The data helps the relationship, but the relationship drives the sale

By Chris Bucholtz

A few years ago, I did a webinar with some respected thought leaders in the area of sales about the impact data was having on selling. No one was willing to use the term “data-driven selling” – that was too much for sales people’s sensibilities. But the guests were willing and able to admit that the new way of selling revolved around relationships and the only way to increase sales productivity while at the same time building stronger relationships was to rely on data – and, more specifically, rely on data that was organized and ready to use.

Fast forward to the deja vu I experienced in August this year, when I had a chance to moderate another webinar, this time with Tony Hughes, SugarCRM’s country manager for Australia and New Zealand. Tony’s an author – he’s written a couple of books on selling topics, including the well-reviewed the Joshua Principle: Leadership Secrets of RSVPselling. Tony is all about the relationship in sales and so it was no surprise to hear Tony say that the key to selling still resides in the sales person and the need to establish trust and value in the prospect’s mind.

But, with my CRM hat still perched atop my head, my mind keeps drifting back to the data. The information you know about a customer is the secret weapon that helps you build rapport and leapfrog ahead of your competition (who are also desperate to gain that relationship advantage). Sales departments are really in a data arms race, based not around who has spent the most but around who has spent the best on technology to arm their sales staff with that precious data.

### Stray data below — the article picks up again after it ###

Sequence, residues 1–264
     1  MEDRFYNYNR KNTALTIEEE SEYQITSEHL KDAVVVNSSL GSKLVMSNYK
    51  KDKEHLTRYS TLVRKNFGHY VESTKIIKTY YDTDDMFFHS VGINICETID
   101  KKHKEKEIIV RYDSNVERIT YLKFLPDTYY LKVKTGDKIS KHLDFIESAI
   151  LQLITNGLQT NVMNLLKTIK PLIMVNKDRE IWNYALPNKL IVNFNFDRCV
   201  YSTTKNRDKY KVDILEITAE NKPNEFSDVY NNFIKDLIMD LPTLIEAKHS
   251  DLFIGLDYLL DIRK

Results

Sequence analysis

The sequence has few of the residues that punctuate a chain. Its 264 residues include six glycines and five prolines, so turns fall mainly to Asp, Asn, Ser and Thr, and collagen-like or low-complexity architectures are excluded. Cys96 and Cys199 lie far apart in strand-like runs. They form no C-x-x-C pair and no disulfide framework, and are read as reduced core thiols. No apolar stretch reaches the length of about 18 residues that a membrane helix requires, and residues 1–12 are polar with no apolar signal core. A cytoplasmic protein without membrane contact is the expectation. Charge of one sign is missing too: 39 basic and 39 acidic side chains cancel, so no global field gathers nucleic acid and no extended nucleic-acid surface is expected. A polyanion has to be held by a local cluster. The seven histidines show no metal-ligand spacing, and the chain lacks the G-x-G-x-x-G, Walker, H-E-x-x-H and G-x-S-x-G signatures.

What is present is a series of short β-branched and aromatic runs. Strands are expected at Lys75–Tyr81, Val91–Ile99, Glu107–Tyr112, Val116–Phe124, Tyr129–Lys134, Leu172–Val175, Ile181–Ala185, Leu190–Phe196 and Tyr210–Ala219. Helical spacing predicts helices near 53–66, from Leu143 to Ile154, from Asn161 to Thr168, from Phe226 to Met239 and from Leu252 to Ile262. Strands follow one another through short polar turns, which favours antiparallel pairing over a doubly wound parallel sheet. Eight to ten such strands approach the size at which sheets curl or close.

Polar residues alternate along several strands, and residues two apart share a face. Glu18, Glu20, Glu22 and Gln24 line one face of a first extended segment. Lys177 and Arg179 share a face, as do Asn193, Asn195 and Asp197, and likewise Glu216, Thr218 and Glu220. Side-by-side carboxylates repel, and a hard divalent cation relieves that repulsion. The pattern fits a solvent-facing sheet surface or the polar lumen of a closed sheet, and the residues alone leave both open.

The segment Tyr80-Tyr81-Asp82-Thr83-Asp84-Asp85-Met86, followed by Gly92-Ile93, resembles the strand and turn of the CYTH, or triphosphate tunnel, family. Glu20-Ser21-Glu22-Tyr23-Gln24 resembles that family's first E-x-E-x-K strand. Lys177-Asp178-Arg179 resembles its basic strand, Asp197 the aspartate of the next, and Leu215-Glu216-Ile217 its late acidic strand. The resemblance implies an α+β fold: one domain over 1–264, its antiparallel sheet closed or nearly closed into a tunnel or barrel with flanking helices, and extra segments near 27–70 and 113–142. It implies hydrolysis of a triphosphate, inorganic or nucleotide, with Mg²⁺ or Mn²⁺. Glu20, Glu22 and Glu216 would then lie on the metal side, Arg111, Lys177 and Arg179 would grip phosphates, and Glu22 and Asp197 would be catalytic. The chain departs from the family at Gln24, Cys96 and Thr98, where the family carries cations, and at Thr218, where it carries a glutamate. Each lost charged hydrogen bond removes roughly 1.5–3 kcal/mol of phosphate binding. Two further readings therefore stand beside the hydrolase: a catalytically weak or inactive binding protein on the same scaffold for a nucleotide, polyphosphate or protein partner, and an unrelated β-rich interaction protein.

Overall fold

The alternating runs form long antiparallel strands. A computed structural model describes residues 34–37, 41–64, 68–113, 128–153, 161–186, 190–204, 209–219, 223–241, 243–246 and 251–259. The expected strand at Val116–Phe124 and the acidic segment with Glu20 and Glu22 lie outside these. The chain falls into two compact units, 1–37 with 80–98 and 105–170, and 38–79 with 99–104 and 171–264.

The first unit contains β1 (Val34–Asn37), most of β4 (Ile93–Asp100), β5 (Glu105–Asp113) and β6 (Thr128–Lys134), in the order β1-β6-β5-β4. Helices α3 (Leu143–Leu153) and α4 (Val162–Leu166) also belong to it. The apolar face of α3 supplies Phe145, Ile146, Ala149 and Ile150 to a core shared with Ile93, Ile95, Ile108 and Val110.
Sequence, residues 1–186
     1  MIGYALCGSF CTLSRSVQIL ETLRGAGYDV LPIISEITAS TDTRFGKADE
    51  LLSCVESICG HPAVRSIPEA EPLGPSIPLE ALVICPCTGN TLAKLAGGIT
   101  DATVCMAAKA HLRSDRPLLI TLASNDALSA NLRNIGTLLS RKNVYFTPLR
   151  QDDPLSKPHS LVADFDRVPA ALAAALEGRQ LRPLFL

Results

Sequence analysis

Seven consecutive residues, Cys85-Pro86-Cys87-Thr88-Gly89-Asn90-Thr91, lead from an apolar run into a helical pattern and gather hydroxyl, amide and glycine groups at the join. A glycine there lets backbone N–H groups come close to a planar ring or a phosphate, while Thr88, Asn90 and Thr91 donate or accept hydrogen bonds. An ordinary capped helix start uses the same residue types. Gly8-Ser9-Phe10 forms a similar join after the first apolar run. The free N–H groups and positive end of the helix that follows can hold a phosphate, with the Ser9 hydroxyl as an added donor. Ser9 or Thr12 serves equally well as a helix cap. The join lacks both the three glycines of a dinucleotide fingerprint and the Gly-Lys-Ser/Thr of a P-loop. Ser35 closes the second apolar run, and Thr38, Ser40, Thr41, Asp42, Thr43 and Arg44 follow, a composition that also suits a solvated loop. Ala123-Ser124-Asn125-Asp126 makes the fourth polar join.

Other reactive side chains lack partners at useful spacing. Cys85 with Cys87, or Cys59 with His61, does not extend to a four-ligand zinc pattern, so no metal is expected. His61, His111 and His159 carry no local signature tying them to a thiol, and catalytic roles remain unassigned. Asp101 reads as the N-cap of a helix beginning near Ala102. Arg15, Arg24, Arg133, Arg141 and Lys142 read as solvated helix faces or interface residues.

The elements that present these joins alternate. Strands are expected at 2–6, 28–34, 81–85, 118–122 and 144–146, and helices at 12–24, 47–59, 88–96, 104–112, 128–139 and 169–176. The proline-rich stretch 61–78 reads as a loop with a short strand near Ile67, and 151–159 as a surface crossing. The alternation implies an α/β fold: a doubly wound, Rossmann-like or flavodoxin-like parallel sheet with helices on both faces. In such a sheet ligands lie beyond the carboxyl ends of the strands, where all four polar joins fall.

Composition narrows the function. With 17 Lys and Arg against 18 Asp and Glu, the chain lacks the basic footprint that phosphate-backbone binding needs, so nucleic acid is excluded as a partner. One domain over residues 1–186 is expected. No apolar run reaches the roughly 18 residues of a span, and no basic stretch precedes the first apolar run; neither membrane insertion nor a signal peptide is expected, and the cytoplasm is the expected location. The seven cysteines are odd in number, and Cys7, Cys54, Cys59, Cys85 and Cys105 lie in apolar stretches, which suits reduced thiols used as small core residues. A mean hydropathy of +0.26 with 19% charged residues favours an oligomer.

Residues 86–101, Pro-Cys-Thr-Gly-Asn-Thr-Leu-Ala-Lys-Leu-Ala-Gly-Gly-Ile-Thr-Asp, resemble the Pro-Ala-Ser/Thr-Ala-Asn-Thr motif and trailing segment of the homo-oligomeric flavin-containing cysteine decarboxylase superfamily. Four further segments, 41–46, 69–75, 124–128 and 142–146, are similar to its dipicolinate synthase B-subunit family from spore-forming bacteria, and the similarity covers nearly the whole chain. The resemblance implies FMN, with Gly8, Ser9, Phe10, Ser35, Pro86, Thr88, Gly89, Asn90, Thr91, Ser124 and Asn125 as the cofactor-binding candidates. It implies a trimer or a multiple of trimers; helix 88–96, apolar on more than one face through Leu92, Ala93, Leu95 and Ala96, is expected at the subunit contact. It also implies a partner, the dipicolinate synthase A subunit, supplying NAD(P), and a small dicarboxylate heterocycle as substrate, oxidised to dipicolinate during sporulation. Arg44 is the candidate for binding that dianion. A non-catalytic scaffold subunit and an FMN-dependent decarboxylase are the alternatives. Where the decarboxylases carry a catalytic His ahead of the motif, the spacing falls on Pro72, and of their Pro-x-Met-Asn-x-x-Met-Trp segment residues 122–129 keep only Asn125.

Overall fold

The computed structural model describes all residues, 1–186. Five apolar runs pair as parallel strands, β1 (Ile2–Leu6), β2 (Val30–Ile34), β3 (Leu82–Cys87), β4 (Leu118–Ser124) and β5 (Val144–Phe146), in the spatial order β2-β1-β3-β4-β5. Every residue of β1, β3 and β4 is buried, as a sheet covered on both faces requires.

But it’s not just about the technology and the data. As my other writing specialty has demonstrated, it’s not the plane but the pilot who wins the fight – selling skill plays a major role. The sales person is still the make-or-break variable in the sales equation. Tony made that point eminently clear in tracing how sales has evolved into what it is today. The relationship and the sales person’s need to cultivate it is one of the few constants.

Before the webinar, Tony wrote up his thoughts in a white paper that we were proud to publish under the CRM Outsiders banner. It’s called “The Evolution of Professional Selling;” you can get a copy of it here and, once you’ve downloaded it, you can participate in our brief survey to determine just how exactly sales pros are selling today. Not only will your participation be helpful (we’ll publish the results, so you can get a feel for where you are along the evolutionary curve) but the first 200 to take the survey will get a copy of Tony’s book in the quickly-becoming-quaint print format.

Selling will always be more an art than a science, but it’s a poor artist who doesn’t take advantage of the science around him to create better art. Check out Tony’s white paper (and webinar, and book while you’re at it) to see how neatly technology and sales talent can dovetail together.

 

 

 

One thought on “The data helps the relationship, but the relationship drives the sale

  1. Chris,

    I couldn’t agree more. There are way too many people out there who depend too much on technology to do the work. The technology of cloud-based CRM’s are only intended to enhance the ability for humans to communicate with humans. If thats not your bag then perhaps you should consider another line of work.

    Great post!

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